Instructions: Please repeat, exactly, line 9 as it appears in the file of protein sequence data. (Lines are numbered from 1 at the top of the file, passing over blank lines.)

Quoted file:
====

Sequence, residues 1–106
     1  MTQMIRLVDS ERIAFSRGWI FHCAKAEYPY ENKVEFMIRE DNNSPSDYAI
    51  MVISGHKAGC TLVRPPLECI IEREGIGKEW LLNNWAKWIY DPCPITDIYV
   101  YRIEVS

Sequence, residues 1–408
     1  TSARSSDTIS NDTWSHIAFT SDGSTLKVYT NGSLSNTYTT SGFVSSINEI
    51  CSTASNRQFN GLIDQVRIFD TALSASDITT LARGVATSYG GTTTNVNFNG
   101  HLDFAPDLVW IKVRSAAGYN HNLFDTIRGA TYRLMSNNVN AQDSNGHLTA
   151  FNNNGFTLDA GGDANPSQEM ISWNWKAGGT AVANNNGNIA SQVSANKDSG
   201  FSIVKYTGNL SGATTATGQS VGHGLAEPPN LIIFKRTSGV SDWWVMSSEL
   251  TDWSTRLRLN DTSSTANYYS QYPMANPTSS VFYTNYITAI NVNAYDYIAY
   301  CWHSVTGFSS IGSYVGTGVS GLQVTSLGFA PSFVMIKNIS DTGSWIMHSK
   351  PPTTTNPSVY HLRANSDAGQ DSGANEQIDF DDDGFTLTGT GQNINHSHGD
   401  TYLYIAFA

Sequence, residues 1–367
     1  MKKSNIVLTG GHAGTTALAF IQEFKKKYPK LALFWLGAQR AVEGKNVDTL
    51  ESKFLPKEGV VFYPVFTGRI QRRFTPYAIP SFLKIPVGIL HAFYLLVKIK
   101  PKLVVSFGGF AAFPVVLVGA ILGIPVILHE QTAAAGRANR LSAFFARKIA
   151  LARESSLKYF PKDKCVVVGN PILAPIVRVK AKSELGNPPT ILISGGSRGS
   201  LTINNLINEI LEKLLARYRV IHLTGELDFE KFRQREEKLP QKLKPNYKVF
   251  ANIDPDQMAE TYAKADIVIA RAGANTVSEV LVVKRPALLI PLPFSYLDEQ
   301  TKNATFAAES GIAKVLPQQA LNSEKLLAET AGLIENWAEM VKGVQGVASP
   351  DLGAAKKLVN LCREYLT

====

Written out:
   151  FNNNGFTLDA GGDANPSQEM ISWNWKAGGT AVANNNGNIA SQVSANKDSG